In its most simple form, therole of a benefits broker is to help individuals, especiallyemployers, navigate the murky waters of health plan purchasing.

Some brokers have been able to steer clients toward calmerwaters where year-over-year spending has decreased or stayedstagnant, but others have unfortunately sailed them right into theeye of the storm, where premiums increase anywhere from 5 percentto 20 percent per year with no additional perks.

In the latter scenario, this isn't necessarily the brokers'intention. Carriers' fully-insured health plans have, over theyears, become very much cut and dried, copy-paste variations of oneanother, almost all of them with ever-increasing price tags. As aresult, brokers have had a difficult time identifying andpresenting both old and new clients with creative, competitiveplans. And as one plan often isn't all that different from another,it's been more tempting for them to keep employers on existingplans than to have them implement a new one.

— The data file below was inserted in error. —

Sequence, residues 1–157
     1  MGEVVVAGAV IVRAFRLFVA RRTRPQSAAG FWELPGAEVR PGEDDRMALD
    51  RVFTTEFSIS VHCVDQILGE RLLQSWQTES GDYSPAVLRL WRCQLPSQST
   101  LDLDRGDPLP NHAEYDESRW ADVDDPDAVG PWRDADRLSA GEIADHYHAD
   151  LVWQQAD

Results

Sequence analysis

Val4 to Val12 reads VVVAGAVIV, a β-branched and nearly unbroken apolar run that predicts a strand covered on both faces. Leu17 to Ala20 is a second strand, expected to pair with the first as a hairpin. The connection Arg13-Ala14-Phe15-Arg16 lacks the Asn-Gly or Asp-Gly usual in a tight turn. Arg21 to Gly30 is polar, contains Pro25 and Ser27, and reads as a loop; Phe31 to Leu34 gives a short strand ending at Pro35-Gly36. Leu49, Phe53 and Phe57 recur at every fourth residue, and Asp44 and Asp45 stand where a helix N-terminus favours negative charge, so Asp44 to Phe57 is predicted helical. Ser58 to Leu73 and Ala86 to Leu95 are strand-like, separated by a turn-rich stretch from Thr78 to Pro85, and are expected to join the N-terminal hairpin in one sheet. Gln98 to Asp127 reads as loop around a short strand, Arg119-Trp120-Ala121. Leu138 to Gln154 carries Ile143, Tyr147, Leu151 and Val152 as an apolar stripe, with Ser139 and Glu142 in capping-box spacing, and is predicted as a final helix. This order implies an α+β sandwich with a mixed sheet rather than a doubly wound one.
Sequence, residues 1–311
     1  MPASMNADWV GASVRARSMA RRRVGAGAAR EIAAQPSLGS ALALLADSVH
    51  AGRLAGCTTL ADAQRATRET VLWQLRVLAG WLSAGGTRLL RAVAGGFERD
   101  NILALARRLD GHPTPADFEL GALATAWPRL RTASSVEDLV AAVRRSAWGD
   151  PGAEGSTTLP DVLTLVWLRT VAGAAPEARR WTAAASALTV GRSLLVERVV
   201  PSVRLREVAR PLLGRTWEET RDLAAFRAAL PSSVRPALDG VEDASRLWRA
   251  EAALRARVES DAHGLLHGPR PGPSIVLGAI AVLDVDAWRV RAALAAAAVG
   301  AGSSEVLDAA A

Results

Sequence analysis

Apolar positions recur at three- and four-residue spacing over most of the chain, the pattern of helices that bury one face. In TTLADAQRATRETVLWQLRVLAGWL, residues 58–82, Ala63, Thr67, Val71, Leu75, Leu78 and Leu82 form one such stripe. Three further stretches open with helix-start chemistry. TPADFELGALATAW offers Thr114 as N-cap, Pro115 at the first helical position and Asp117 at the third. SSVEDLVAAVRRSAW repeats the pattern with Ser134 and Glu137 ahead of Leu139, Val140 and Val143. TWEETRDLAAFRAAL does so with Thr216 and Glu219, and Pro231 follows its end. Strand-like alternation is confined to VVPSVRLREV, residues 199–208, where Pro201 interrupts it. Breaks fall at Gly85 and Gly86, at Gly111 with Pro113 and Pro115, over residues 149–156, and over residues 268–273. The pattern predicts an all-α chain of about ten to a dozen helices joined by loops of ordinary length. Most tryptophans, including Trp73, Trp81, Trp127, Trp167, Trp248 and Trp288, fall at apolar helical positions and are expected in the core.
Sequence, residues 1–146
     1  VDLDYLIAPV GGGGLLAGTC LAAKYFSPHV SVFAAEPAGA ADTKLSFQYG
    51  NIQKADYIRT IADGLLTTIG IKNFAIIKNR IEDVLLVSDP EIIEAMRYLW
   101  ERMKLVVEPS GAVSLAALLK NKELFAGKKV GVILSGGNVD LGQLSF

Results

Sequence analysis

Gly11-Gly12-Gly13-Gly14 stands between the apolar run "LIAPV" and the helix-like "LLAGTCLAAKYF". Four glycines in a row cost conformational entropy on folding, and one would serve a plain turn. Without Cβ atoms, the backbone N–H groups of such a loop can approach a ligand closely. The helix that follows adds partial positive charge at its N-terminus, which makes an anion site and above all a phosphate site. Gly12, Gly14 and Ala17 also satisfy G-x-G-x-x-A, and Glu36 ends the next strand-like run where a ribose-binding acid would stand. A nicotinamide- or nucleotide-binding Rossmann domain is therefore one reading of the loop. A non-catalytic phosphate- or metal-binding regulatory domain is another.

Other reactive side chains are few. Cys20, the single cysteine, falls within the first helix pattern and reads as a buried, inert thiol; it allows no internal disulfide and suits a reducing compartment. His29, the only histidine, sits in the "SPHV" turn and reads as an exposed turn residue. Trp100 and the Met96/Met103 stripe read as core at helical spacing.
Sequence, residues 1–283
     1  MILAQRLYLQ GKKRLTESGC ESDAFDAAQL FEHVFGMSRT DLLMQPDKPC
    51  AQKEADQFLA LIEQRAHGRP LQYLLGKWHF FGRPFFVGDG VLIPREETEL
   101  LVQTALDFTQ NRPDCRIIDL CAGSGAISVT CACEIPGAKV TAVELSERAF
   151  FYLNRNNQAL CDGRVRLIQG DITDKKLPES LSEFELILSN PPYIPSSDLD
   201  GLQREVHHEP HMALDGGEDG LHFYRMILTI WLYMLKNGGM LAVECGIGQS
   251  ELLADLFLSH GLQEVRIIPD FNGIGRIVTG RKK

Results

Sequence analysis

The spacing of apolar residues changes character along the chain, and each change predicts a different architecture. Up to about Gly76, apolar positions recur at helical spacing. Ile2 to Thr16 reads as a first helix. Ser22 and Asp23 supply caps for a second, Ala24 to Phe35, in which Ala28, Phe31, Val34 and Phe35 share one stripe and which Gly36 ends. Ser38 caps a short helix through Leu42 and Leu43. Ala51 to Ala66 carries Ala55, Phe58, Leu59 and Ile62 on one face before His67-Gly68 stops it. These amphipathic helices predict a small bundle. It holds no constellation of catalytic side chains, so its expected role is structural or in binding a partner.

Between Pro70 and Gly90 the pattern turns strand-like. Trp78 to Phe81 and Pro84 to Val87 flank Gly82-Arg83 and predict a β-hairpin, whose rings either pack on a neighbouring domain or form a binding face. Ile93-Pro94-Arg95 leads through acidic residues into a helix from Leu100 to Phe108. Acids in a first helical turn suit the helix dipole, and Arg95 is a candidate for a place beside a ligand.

Continue Reading for Free

Register and gain access to:

  • Breaking benefits news and analysis, on-site and via our newsletters and custom alerts
  • Educational webcasts, white papers, and ebooks from industry thought leaders
  • Critical converage of the property casualty insurance and financial advisory markets on our other ALM sites, PropertyCasualty360 and ThinkAdvisor
NOT FOR REPRINT

© 2024 ALM Global, LLC, All Rights Reserved. Request academic re-use from www.copyright.com. All other uses, submit a request to [email protected]. For more information visit Asset & Logo Licensing.